But I really like your point that we all have our own ethical priorities when it comes to buying clothes and accessories. I’m not that strict with myself, tbh, though I only buy clothes once in a blue moon. Probably the only thing I put effort in, is to verify that the faux fur on my items are indeed synthetic, not real fur. In fact, I took the latter for granted, because when I told a friend about my checking to make sure the fur was fake, my friend asked me if I was a vegetarian. :O While I support animal rights, I’m just a regular omnivore! I try to do some little things, such as buying free-run eggs whenever possible, and not automatically killing bugs when I see them (only when they’re too much in my personal space). Though for the latter, it’s mostly because I don’t even want to touch them in the first place…But yeah, I think there’s no need for us to kill anything, including spiders, unless they are actually harming you, so I still have no sympathy for mosquitoes. Back on the clothes topic, I’m not disciplined enough to check how ethical the clothes my mom bought for me are, and the vast majority of my clothes were bought by my mom. 😦 So yeah, I must seem like a barbarian to you when it comes to buying clothes. XD Nevertheless, I enjoyed reading about your personal approach to buying clothes ethically! 😀 Yes, haters gonna hate no matter what you do. XD

    Liked by 1 person

  2. Hi Haidan!!!
    Omg!! I feel like we pretty much think the same way about fashion haha. It was exciting to read your post because I have the same dilemma when it comes for buying clothes. I don’t buy from major retailers anymore and I prefer to either buy clothes second hand or make them myself. It’s so satisfying when I get a good deal buying something from a second hand store. Once I found a Longchamp bag from value village for $3 (it was really dirty and squashed on the floor, so probably no one saw it or knew what it was) then I cleaned it up and it looked almost new. I brought it to work and got lots of compliments. I also enjoy sewing, but the thing I’ve realized is that fabric, notions, etc aren’t that cheap, and it takes a long time to make something. However what I love is being able to make something I’ve designed myself. (I really love your cloak by the way! It looks amazing!)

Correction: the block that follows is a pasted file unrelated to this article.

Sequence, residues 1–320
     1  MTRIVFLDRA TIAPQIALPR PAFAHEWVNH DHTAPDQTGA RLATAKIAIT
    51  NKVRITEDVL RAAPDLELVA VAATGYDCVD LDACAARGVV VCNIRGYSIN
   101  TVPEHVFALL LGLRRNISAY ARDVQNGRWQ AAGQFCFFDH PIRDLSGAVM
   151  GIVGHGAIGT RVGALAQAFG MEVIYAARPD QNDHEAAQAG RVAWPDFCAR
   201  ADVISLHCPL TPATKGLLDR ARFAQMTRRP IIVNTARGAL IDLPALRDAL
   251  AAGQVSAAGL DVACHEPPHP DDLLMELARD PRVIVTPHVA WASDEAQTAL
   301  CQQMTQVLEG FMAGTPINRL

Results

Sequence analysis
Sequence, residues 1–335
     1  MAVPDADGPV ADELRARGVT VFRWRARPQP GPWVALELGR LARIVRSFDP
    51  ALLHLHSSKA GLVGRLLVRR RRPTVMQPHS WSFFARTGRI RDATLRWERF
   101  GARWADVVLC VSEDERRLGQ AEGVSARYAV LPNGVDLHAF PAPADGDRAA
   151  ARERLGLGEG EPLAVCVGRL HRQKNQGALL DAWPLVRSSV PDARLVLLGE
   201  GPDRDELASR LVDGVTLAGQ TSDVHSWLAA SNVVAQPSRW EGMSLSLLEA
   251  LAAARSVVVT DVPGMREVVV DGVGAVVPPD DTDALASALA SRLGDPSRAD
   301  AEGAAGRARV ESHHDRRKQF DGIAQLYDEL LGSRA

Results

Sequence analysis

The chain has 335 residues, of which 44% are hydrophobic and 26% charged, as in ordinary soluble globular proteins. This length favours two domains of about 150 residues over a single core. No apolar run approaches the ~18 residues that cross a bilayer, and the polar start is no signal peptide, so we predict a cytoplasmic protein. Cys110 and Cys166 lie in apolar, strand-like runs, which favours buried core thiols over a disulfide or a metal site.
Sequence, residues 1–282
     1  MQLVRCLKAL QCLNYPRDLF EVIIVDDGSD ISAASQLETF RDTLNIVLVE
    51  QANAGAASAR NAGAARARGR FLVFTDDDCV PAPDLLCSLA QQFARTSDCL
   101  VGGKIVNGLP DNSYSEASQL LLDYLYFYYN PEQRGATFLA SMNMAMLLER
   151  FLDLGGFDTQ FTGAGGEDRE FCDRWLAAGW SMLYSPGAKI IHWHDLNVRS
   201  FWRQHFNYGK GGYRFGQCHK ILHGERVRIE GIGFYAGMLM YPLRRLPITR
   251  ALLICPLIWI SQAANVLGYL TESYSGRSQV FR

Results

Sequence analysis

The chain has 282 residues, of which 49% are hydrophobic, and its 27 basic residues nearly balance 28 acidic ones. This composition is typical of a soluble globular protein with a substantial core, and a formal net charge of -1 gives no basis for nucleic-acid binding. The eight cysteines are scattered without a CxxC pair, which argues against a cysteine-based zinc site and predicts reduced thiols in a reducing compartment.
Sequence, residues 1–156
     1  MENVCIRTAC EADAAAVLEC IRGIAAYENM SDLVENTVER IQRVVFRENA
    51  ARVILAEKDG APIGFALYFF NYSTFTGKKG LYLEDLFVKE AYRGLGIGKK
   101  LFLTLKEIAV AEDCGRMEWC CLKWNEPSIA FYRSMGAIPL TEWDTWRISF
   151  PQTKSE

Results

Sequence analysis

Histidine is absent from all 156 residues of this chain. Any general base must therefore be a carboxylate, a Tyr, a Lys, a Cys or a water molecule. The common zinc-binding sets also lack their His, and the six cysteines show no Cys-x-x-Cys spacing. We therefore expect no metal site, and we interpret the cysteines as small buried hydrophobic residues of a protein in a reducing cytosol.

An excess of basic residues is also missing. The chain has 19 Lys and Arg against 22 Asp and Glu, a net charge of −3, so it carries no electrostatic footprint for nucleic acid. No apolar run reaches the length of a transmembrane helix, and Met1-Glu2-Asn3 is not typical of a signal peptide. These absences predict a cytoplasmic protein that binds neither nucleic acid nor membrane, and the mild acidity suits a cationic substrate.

I don’t often buy from Chinese online stores but the way you explain it really makes sense!

    Liked by 1 person

  3. Ah yes, Value Village is a magical place. And yes the struggle with fabric prices is so real. By the way, where do you usually get your fabrics from? I’m always on the lookout for good places.